Mr. Rahman, in his email of the 29 October 2020, set out 13 items of work that were required to be undertaken. The required work ranged from safety measures (such as mains connected detectors, window restrictors and fire blankets) to repair works (such as a leaking toilet, fire door installation, and faulty window handles).

There is no record of these works being completed, except that Mr. Rahman attended the property again on 17 November 2020 and stating that there was no evidence of dampness or condensation and producing photographs to demonstrate the point. The problem for the local housing authority is that Mr. Rahman’s Property Condition Report is not only undated, but it fails to address these issues, and that renders it insufficient to satisfy the requirement that at the date of approving the making of the offer to Ms. Ayinla, the property was in a reasonable physical condition.

As a result, and there was nothing in Mr. Rahman’s oral evidence to convince me otherwise, was it open to the Respondent to form “the view” that the property is in “a reasonable physical condition”? Indeed, some evidence points to the contrary – such as, as the electrician recommending that detectors should be hard- wired into the property. That lends considerable weight to the Appellant’s argument that Articles 3(1) (c) and (d) were not satisfied – thereby rendering the property unsuitable. It raises appropriate concerns about the safety of the property.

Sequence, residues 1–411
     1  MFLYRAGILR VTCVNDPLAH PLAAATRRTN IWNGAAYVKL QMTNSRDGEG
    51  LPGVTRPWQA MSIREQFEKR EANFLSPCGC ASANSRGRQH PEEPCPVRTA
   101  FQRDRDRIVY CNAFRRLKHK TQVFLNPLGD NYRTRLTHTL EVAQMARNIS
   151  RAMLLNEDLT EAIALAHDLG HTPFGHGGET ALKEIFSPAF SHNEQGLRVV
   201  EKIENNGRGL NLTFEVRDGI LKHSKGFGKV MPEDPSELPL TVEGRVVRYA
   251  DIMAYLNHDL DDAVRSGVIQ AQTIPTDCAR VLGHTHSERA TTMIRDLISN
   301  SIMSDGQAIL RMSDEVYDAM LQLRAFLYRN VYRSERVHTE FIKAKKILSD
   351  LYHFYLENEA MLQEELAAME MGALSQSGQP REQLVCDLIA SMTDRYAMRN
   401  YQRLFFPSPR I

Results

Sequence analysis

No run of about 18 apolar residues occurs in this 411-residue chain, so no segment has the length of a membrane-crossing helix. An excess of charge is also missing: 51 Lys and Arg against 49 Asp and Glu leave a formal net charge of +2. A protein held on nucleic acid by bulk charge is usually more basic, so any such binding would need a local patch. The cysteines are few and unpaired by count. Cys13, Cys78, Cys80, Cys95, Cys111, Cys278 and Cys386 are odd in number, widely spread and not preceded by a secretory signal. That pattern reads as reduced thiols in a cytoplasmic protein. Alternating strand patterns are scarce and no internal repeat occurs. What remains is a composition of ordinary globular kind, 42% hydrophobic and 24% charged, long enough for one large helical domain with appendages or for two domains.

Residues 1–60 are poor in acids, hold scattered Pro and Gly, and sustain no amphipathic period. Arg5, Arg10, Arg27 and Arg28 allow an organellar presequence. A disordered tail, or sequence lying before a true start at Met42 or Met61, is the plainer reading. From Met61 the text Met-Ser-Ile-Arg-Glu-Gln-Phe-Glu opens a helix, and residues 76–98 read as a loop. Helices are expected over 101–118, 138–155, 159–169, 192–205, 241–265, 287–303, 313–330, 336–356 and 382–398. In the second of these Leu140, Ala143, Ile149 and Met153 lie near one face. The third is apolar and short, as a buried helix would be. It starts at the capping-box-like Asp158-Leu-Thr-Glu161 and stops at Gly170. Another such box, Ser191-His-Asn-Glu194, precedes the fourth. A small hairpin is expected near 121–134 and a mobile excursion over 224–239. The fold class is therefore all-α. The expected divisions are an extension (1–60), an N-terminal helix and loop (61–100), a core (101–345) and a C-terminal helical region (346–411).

I am also not entirely sure that acceptance of a blank AST form (albeit it one produced by the National Residential Landlords Association) could be described as “adequate”. There is no apparent record of any consideration of its terms. That is necessary pursuant to Article 3 (1) (j). I would have expected some record at least, or some reference to , for example a term in respect of the required deposit in the offer letter (but there is none).

In the absence of any steps taken to “approve” the PRSO before the offer was made and in the silence on the issues arising under Art.3, it was not open to the review officer to conclude that “sufficient account was taken of” the 2010 Order when the offer was made.

The decision was unlawful.

On remedy, it was not the case that the decision was ‘academic’ as proposed by Newham on the basis that any new review deciion would reach the same conclusion.

Having found that the property was not properly found to be suitable at the date of the offer, the offer was not an ofer in discharge of duty. Ms N remained owed the full housing duty and the decision varied accordingly.


Giles Peaker is a solicitor and partner in the Housing and Public Law team at Anthony Gold Solicitors in South London. You can find him on Linkedin and on Twitter. Known as NL round these parts.